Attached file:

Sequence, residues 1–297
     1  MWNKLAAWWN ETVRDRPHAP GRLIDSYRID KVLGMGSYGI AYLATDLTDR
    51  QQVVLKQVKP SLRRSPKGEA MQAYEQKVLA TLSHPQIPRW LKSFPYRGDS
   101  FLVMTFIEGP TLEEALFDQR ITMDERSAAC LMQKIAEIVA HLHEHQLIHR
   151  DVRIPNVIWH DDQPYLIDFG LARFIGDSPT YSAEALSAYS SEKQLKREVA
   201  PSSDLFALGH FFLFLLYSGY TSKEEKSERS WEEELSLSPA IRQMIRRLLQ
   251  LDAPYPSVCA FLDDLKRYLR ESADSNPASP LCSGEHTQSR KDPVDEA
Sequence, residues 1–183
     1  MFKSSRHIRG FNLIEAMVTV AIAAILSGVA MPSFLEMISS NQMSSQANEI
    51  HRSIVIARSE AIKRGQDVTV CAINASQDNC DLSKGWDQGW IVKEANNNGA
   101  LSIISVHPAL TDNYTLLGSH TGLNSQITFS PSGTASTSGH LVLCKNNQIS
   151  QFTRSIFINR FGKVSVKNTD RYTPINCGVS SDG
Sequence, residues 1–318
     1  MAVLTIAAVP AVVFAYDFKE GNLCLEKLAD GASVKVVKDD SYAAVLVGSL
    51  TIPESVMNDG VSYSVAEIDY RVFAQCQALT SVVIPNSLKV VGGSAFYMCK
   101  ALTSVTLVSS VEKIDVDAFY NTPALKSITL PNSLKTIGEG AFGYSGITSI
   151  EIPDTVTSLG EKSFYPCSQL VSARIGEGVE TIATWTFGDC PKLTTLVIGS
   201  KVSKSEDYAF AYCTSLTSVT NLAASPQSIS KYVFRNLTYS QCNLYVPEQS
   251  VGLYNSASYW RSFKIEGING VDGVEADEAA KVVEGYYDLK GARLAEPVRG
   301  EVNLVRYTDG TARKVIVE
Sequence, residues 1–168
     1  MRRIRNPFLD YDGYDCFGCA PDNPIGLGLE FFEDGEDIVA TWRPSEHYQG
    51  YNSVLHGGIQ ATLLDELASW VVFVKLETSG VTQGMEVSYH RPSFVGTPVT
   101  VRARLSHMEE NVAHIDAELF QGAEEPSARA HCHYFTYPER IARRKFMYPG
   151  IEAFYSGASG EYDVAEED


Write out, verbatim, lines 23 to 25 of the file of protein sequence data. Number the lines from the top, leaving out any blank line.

    51  YNSVLHGGIQ ATLLDELASW VVFVKLETSG VTQGMEVSYH RPSFVGTPVT
   101  VRARLSHMEE NVAHIDAELF QGAEEPSARA HCHYFTYPER IARRKFMYPG
   151  IEAFYSGASG EYDVAEED